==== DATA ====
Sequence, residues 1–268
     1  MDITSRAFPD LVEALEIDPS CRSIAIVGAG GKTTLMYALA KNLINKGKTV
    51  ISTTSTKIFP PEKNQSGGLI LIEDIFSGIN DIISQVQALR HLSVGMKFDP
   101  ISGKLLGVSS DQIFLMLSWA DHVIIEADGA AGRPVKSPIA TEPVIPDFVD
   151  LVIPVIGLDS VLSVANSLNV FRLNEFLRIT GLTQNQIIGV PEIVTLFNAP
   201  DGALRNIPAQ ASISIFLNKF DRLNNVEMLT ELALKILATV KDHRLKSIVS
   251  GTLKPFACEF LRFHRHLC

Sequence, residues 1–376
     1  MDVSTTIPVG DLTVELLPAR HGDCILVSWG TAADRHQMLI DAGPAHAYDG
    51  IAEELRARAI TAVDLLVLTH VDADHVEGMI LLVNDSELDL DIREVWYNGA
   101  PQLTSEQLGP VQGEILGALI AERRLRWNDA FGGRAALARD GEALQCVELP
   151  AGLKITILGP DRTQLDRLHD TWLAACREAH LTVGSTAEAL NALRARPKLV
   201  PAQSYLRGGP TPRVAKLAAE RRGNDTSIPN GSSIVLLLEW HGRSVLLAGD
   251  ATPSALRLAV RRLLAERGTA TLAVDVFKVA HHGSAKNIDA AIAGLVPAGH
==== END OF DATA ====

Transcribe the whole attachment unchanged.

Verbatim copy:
Sequence, residues 1–268
     1  MDITSRAFPD LVEALEIDPS CRSIAIVGAG GKTTLMYALA KNLINKGKTV
    51  ISTTSTKIFP PEKNQSGGLI LIEDIFSGIN DIISQVQALR HLSVGMKFDP
   101  ISGKLLGVSS DQIFLMLSWA DHVIIEADGA AGRPVKSPIA TEPVIPDFVD
   151  LVIPVIGLDS VLSVANSLNV FRLNEFLRIT GLTQNQIIGV PEIVTLFNAP
   201  DGALRNIPAQ ASISIFLNKF DRLNNVEMLT ELALKILATV KDHRLKSIVS
   251  GTLKPFACEF LRFHRHLC

Sequence, residues 1–376
     1  MDVSTTIPVG DLTVELLPAR HGDCILVSWG TAADRHQMLI DAGPAHAYDG
    51  IAEELRARAI TAVDLLVLTH VDADHVEGMI LLVNDSELDL DIREVWYNGA
   101  PQLTSEQLGP VQGEILGALI AERRLRWNDA FGGRAALARD GEALQCVELP
   151  AGLKITILGP DRTQLDRLHD TWLAACREAH LTVGSTAEAL NALRARPKLV
   201  PAQSYLRGGP TPRVAKLAAE RRGNDTSIPN GSSIVLLLEW HGRSVLLAGD
   251  ATPSALRLAV RRLLAERGTA TLAVDVFKVA HHGSAKNIDA AIAGLVPAGH